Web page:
r= well radius in centimeters
w

References
n-..:
lkivLa,
“ E. c
and Hawkins, M. F., 1963, Linear Fluid Detection by Well
“. ,
Pressure Measurements: Jour. Petroleum Technology, Oct., p. 1077-79.

Gray, K. E., 1965, Approximating Well-To-Fault Distance from Pressure Build-Up


Tests: Jour. Petroleum Technology, July 1965.

Horner, D. R., 1951, Pressure Build-Up in Wells: Proc. Third World Petroleum
Congress, the Hague, p. 503-21.

Hurst, William, Ha~ie, O. K., and Walker, R. N., 1’361,Some Problems of


Pressure Build-Up: Paper SPE-147 presented at 36th Annual Fall Meeting
of Sot. Petroleum Engineers in Dallas, Texas (Oct. 8-11, 1961).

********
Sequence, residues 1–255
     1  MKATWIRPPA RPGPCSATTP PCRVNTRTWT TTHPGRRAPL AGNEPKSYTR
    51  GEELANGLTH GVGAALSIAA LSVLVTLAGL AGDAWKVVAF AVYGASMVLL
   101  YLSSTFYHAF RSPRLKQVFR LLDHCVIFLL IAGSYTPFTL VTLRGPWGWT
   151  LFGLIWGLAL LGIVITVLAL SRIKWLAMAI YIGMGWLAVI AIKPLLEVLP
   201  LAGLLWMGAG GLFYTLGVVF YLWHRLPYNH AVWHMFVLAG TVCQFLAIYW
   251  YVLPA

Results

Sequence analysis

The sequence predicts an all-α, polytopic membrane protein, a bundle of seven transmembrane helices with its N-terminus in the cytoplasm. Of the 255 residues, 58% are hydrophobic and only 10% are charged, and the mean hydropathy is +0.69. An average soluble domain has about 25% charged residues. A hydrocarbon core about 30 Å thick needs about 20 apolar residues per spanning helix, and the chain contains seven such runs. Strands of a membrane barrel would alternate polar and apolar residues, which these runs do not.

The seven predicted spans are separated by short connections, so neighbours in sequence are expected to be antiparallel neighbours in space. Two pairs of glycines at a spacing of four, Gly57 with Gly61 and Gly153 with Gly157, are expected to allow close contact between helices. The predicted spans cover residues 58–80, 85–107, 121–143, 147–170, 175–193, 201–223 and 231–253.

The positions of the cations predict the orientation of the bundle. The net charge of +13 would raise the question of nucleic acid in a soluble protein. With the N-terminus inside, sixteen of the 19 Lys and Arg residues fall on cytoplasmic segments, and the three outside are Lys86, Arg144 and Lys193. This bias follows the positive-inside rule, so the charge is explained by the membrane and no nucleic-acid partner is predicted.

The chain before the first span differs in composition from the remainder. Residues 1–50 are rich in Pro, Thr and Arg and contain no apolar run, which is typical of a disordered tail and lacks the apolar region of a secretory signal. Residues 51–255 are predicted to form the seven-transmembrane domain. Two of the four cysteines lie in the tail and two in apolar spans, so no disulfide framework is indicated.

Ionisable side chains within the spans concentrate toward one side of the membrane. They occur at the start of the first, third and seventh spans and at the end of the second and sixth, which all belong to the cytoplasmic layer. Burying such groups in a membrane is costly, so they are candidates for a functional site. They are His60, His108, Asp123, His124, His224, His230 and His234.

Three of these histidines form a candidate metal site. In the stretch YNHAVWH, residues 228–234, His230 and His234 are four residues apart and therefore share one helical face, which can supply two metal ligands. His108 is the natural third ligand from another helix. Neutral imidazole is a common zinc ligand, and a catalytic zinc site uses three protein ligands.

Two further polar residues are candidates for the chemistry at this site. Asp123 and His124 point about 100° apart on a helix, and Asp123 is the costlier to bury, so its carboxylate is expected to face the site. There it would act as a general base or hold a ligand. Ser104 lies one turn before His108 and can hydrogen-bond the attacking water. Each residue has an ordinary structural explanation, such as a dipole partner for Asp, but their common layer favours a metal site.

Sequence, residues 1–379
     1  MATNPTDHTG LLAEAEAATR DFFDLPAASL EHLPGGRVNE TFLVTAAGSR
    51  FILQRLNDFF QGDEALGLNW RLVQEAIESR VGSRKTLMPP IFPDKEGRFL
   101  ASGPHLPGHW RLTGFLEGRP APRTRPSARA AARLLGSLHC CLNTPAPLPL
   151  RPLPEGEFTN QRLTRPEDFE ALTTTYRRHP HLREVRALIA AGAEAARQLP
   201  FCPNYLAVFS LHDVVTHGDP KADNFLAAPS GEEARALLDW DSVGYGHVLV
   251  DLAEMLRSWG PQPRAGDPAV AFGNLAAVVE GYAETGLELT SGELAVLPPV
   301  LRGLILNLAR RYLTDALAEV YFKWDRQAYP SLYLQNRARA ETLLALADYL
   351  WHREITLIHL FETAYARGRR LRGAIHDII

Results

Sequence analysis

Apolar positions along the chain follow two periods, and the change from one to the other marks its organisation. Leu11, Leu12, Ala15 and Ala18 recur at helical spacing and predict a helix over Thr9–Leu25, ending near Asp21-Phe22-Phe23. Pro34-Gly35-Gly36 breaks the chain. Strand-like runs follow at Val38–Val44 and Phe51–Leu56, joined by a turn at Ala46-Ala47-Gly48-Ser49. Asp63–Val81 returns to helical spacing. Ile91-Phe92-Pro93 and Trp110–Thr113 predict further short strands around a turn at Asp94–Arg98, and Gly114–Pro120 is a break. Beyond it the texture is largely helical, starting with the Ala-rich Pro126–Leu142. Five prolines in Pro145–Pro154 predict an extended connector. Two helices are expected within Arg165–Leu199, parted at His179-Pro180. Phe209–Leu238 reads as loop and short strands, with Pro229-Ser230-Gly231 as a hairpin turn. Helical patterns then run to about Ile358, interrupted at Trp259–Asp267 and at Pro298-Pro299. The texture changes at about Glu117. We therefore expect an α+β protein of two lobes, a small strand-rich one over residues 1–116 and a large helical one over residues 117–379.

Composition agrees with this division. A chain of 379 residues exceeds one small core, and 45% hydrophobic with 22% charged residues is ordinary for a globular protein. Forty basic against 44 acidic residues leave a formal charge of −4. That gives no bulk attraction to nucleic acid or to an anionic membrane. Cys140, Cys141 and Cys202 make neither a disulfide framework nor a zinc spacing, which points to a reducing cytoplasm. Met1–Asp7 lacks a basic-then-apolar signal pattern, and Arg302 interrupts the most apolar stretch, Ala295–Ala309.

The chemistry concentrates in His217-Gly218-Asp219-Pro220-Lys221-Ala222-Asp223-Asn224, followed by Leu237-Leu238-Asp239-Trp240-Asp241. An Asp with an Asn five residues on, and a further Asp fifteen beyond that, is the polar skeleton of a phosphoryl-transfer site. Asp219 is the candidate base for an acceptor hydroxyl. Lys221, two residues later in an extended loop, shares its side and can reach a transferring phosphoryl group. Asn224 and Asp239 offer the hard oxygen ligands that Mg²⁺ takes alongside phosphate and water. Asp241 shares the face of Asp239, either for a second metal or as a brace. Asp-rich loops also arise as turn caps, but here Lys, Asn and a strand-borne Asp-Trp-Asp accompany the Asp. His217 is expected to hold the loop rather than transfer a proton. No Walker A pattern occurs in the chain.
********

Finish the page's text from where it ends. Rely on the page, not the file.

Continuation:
Standing, M. B., 1964, Discussion of Linear Fluid-Barrier Detection by Well


Pressure Measurements: Jour. Petroleum Technology, March, p. 259-62.

Tek, M. R., Grove, M. L., and Poettmann, F. H., 1957, Method for Predicting
Back-Pressure Behavior of Low-Permeability Natural-Gas Well: Trans. AIME,
210 - 302, 1957.

van Poollen, H. K., 1964, A Hard Look at Radius-of-Drainage and Stabilization


Time Equations: Oil and Gas Jour., Nov. i, p. ii8-2S.
Acknowledgments

The authors wish to express their appreciation to the Graduate School


of the Colorado School of Mines for allowing publication of this study.
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FOR A WELL NEAR A LINEAR E..-...__
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o CASE2

Ic

FIGURE
5 FLCY1’
OF DIMENSIONL5S TTME
‘nm:;us
VALUES
OF $+2 ON
BUILD UP CURVTS ‘Oii?fiE
DEVIATION
FROM STRN(WT LTN E OCCUR.. .

II ‘4
2 103 I

(w de?”.